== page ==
Are You A Fast Company?

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Friends,

So many things that seemed hard and certain now seem vaporous and tenuous. It’s like there’s no there, there. Consider:

* We in Michigan could hardly imagine a world without a Big Three.

* How could a big city not have a daily PAPER?

* Where was the barrier that my generation thought would always, or for a long time, stop a guy who looked like – let alone was named – Barack?

* How did Bill Gates get to be “old money?”

* How is it possible that your teenage son or daughter could have 373 “friends”? I mean what the heck is a “friend” these days?

The rapidity of change struck me again in reading this month’s Fast Company magazine. (Hmmm, can a monthly be fast?) Despite the name, they still print and mail you a monthly magazine for about ten bucks a year; it’s a great and cheap way to stay up on the major changes in technology, business, and oddly this month – politics. The cover story is about “the kid who made Obama President” – 25 year old Facebook co-founder, Chris Hughes. The Hughes-Obama team built a network through which 70,000 people in turn raised $30 million for the campaign. 2 million people built “profiles” on the site (remember when a profile was a picture of you from the side?). It’s unreal. Unimaginable change.

This extraordinarily FAST change is both the result and in turn the cause of the age of the everyday leader. Whether you’re trying to find ideas, resources, or people – whether for your business, your kids, your church, your faith, art or service – they’re out there. If you expect the world around you to remain the same, you may be setting yourself up for disappointment or disaster. But if you have a dream of creation – of a better product, service, home, heart or world – this is your time. Act FAST! Stay new and alive to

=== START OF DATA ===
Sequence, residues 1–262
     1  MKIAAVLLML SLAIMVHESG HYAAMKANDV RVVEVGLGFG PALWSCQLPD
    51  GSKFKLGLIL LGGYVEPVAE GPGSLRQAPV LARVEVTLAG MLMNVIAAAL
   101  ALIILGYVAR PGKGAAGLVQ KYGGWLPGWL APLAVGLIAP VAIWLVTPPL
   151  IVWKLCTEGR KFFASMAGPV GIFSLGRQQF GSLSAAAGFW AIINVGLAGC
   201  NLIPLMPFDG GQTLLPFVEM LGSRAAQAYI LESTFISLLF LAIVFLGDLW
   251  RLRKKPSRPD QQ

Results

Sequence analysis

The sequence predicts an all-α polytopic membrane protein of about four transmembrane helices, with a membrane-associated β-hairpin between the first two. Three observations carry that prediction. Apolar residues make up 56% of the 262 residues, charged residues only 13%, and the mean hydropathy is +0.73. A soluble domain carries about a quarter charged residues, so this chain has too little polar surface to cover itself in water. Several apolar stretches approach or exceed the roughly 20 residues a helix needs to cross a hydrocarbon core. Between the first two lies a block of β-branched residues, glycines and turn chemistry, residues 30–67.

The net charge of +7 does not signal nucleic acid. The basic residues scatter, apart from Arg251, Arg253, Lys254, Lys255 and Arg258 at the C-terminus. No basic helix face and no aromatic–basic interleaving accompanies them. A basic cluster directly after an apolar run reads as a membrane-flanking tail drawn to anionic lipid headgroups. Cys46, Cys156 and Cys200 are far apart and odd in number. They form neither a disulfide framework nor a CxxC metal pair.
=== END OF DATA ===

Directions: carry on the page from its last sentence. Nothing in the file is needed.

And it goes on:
Lead with your best self,

Dan

Audio File:   Are You A Fast Company?

6 responses to “Are You A Fast Company?

  1. Your “Reading for Leading” is already a bright spot in my Monday morning.

    Thank you and keep on, keeping-on!

  2. Dan,

    Check out this video (http://www.youtube.com/watch?v=5o9nmUB2qls). It gives a series of seemingly unrelated facts, but shows just how much the pace of change has intensified. I use it to start presentations. Not because any one fact relates to my topic, but since I work for a company that has been in front of much of that change over the last decade, this video tends to open people’s eyes that changing the way they do business isn’t just an option, but something we all will have to do.